Troika to raise property market policies and water debacle
EU-IMF team return to Dublin next week for second post-bailout inspection of year
The Central Bank on Dame Street, Dublin: The visit of the troika officials visit comes amid discord over Central Bank plans to dampen down the property market with new restrictions on mortgage lending.
Officials from the EU-IMF troika will raise property market policies and the water debacle with the Government next week when they return to Dublin for their second post-bailout inspection of the year.
The overhaul of the corporate tax regime will also be raised during the scheduled mission, as will the Government’s overall economic strategy and the budget plan for 2015.
Given the rapid advance in residential property values in Dublin particularly, the troika officials are likely to examine whether sufficient steps are being taken to increase the supply of housing in big urban areas of the State.
Their visit comes amid discord over Central Bank plans to dampen down the property market with new restrictions on mortgage lending. With mortgage debt crisis still unresolved, the visiting officials will take stock of ongoing efforts by the banks to deal with non-performing loans.
As part of this exercise they will scrutinise the development of arrears, banks’ engagement with defaulting borrowers and the flow of repossession cases.
The troika will be in Dublin as the Government reworks its contentious plan to charge households for water. This initiative was a key condition of the bailout programme so it falls to be examined by troika officials.
Long-delayed legislation to overhaul the legal professions and healthcare reforms, both of which were included in the bailout programme, will also be scrutinised. The development of “active” labour market policies to tackle long-term and youth unemployment will be also be addressed.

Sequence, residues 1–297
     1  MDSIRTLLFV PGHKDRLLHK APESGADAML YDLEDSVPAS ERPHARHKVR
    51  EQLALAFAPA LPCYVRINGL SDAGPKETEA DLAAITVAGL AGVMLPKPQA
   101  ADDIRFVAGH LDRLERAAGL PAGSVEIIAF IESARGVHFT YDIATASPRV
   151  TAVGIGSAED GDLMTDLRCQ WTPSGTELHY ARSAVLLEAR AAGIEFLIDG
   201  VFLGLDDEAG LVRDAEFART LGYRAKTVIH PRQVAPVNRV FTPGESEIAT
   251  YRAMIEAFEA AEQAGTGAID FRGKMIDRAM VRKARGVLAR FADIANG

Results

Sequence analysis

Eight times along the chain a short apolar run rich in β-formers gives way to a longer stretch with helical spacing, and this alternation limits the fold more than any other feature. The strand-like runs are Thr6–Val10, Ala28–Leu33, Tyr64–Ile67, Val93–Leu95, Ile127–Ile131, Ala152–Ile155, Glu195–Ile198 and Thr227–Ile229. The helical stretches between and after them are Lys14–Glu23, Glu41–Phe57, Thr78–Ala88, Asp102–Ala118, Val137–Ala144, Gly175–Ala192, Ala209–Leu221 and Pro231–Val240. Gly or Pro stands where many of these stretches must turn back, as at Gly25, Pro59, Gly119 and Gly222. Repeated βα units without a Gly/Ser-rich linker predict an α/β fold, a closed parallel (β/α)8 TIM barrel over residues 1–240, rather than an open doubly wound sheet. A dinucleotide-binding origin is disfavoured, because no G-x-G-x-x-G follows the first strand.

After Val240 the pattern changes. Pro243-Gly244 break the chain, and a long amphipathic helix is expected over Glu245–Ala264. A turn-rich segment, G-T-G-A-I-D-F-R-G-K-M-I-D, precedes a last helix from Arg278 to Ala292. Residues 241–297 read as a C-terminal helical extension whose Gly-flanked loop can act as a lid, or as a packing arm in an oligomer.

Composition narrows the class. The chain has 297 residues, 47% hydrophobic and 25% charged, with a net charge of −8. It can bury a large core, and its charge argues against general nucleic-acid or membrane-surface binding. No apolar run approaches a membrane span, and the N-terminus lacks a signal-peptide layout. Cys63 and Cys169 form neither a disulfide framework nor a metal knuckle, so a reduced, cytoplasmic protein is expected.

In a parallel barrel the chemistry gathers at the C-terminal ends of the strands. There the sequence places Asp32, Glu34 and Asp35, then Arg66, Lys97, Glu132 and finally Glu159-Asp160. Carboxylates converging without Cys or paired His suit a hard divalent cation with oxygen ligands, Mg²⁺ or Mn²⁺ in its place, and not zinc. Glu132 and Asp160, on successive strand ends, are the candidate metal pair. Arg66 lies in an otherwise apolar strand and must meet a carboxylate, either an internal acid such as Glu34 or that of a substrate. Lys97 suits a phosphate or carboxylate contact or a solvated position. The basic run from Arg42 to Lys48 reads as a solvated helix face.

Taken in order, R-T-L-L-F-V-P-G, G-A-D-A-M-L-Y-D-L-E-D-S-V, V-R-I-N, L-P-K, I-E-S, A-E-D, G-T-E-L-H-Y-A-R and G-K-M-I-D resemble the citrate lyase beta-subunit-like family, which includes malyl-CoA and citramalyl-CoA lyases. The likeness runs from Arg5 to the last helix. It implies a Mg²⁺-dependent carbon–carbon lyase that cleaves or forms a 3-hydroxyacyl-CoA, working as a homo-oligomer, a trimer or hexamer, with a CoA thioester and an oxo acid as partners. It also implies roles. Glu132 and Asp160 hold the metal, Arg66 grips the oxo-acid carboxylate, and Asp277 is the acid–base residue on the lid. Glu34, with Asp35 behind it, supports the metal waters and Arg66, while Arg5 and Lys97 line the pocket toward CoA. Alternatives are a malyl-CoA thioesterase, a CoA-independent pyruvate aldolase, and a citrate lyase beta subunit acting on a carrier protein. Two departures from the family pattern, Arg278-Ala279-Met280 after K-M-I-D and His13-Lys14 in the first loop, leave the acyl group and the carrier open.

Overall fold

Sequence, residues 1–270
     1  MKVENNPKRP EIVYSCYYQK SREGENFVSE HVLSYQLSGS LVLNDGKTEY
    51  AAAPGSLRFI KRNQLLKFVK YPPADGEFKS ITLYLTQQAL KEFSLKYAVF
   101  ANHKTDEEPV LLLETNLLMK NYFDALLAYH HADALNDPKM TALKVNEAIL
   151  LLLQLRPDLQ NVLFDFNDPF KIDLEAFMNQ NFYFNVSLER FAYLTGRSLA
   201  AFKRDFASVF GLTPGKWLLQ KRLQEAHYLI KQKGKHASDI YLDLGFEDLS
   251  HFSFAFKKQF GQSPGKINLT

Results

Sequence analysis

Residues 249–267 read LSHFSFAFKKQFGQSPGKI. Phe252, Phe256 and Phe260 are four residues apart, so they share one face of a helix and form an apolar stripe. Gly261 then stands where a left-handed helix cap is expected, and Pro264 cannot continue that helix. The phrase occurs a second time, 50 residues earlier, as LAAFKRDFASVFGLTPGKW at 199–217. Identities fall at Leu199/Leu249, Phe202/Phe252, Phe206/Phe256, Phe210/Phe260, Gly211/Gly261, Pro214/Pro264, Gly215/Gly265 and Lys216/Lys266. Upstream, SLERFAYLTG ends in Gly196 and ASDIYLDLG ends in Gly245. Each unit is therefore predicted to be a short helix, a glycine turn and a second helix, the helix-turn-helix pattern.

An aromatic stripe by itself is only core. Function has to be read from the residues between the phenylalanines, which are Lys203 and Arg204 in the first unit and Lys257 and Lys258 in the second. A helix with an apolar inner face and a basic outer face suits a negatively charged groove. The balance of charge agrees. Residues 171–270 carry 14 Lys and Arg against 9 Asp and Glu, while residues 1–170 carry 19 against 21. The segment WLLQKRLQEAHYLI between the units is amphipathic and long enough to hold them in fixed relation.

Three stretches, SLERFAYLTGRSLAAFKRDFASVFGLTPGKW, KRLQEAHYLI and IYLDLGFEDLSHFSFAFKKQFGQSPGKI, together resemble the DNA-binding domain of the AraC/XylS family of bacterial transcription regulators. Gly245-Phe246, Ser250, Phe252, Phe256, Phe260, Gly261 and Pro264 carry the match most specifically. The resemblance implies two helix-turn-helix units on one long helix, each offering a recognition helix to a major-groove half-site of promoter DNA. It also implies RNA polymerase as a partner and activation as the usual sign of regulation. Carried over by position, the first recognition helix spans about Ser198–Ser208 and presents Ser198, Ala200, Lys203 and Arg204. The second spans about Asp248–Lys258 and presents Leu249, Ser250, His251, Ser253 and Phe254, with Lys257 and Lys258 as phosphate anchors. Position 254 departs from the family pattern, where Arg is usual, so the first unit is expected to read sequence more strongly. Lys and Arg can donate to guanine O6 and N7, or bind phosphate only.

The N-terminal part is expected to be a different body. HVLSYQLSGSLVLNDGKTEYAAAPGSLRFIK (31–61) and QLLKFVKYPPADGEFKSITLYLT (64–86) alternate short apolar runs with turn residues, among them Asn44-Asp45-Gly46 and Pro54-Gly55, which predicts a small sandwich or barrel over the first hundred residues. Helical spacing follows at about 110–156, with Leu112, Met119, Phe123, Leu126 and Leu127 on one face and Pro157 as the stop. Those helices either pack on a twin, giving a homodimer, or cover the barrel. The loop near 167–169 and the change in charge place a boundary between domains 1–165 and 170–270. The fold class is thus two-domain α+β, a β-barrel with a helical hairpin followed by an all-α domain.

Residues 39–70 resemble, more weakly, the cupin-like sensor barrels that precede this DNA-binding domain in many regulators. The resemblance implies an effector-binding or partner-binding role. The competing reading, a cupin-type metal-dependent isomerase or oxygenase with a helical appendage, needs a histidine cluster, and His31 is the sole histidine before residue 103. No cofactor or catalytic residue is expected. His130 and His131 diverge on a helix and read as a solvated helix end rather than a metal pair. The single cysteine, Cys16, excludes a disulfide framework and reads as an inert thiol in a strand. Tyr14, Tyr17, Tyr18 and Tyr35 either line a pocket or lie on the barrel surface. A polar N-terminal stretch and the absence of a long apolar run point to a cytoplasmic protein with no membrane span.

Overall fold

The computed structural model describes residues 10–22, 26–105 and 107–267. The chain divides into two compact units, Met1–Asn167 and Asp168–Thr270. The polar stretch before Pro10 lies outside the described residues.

Officials from the troika – comprising the European Commission, the International Monetary Fund and the European Central Bank – carried out quarterly reviews in Dublin of Ireland’s bailout throughout the three-year rescue programme, which came to an end almost one year ago.
They will carry out two inspections each year until the State repays at least 75 per cent of the €67.5 billion emergency loan package, one more visit than would otherwise be the case under new EU rules to reinforce external oversight of economic policy in all member states. While most of the €22.5 billion in IMF loans will be paid off early, such visits would continue until 2031 under the current repayment plan.
The troika’s most recent visit to Dublin began in late April. Its officials are expected to spend most of the week in the city. While Ministers met the troika during bailout inspections, the main engagement next week will be at official level.
The troika’s supervisory powers are greatly diminished since Ireland left the bailout last December but it retains a wide-ranging mandate to examine the State’s capacity to repay the loans.
After big changes to Ireland’s corporate tax regime in last month’s budget, the troika is likely to examine whether any this presents any threat to the medium-term outlook for flows of foreign direct investment into the State.
As pressure builds on private and public sector wages after years of cuts, the officials are likely to examine the outlook for pay in the economy at large.
Give the lack of growth in the wider euro zone economy, the viability of the Government’s medium term economic plan and sustainability of the national debt will be assessed. Steps by the Central Bank to speed up the disposal of Government bonds it holds as a result of the deal last year to scrap the Anglo Irish Bank promissory note scheme will also be discussed.